Summer Heat Management in Grow/Finish Barns

By Dan Cudmore*, Western Region Swine Specialist
*Adapted from Brumm (Farms.com; June 26, 2012)

It’s hot and miserable in most hog barns, so here are some management tips for summer heat.

Most customers don’t completely understand the impact of heat on grow/finish pigs. Last year, the week of July 18th showed a reduction in sale weights of nearly three pounds MORE than normal during that same time frame over the previous five years.

The common belief is that because pigs are leaner with less backfat, they have less insulation therefore allowing more heat to escape from their bodies. This is not true. In fact, exactly the opposite is true. Because today’s pigs have a higher rate of lean gain, these pigs do not deal with hot weather as well as previous genetics did. There is evidence that today’s pigs generate 10-15% more heat, and evidence shows that this is because the pig has less tolerance to heat.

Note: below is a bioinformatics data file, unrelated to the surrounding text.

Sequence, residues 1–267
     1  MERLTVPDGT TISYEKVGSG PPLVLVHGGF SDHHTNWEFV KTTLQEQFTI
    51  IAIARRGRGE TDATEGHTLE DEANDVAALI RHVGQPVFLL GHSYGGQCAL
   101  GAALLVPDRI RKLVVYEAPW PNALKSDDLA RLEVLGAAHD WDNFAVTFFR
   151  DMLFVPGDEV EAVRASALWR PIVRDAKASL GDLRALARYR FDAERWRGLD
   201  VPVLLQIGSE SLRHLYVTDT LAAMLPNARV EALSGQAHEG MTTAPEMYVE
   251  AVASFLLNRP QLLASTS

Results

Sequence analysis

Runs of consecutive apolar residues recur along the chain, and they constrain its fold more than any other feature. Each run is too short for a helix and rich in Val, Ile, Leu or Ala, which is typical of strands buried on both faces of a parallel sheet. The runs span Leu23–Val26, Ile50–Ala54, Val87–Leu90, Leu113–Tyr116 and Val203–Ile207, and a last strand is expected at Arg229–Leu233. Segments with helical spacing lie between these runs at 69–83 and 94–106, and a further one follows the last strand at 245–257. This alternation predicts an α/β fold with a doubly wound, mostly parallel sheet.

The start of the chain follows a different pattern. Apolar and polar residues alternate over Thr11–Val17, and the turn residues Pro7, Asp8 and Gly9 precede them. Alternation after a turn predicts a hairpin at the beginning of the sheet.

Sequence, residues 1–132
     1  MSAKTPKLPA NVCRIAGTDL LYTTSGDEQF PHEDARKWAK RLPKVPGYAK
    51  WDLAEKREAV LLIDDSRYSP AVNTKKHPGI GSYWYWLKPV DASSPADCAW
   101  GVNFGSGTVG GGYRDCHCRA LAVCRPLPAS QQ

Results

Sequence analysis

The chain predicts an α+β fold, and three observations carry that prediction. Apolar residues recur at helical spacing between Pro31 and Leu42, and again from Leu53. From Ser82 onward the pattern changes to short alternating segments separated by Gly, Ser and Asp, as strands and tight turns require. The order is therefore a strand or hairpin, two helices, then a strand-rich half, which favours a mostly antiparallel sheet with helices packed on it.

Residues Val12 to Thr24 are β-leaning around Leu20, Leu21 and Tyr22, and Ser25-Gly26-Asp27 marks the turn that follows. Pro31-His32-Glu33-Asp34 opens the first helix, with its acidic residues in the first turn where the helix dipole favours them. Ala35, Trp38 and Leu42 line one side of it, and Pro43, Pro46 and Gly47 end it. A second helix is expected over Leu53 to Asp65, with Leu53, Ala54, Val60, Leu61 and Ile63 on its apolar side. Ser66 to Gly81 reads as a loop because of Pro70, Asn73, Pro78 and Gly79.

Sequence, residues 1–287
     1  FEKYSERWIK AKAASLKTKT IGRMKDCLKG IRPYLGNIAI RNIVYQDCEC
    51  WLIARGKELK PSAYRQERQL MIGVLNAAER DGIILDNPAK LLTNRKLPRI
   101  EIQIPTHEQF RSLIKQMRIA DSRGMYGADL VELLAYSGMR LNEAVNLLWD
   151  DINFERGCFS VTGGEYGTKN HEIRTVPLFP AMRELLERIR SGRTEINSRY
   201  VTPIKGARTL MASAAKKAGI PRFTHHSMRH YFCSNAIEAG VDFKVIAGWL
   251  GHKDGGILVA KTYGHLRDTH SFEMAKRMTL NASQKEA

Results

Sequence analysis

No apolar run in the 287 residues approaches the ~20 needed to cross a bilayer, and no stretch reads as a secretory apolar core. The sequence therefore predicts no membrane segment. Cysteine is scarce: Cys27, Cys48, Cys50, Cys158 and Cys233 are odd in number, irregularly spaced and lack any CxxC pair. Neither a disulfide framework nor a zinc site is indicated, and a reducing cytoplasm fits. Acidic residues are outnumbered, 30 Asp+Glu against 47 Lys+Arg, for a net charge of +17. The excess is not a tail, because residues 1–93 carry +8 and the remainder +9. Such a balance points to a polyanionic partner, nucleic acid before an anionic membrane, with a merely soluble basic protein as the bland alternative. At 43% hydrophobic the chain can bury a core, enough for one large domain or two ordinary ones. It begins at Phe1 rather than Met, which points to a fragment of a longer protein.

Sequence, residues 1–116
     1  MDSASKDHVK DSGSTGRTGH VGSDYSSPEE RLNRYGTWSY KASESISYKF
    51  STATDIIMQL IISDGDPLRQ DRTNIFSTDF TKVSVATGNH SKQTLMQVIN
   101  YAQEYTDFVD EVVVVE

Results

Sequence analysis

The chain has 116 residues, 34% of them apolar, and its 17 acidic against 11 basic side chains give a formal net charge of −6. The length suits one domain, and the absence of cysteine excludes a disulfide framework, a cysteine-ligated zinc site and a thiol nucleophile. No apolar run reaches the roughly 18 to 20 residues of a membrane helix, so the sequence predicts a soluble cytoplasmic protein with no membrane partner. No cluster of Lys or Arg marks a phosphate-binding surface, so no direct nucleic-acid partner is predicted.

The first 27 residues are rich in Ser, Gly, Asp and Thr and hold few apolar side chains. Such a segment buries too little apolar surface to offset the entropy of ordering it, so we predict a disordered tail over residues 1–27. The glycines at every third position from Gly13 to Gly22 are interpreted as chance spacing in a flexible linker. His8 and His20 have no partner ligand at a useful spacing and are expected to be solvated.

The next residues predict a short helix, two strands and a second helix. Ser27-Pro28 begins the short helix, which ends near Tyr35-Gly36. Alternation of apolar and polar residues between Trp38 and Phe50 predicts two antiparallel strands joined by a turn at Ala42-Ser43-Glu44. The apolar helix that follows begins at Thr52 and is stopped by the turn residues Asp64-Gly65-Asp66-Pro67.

This means that today’s pig gets hot at a lower temperature and therefore adapts certain body mechanisms to deal with being hot at a lower temperature. Data from the Netherlands suggests that a 130-lb pig on partial slats began to reduce feed intake at 78°F. We have all been taught not to sprinkle pigs until temperatures reach 85-90°F. Some tunnel-vent barn operators believe that they don’t need to sprinkle pigs at all due to the high rate of air movement over the pigs. Think about heat exchange prinsciples. When you blow 95°F air over pig skin that is 95°F not much cooling can occur without some type of evaporation! Since a pig cannot sweat, it is up to us to add the water for evaporation.

Available data has shown that big droplets are better than a mist for cooling animals. Fine mist tends to drift more into feeders and onto curtains, causing feeders to plug and mold to grow on curtains. A heavy droplet wets pigs more thoroughly and quicker than mist.

It’s recommended to use a nozzle size that will wet 60% of the pigs in the pen in under two minutes and then turn the sprinkler off for 15-20 minutes to allow drying.
Begin sprinkling grow-finish by setting the sprinklers to come on at 20°F over the set point on your controller.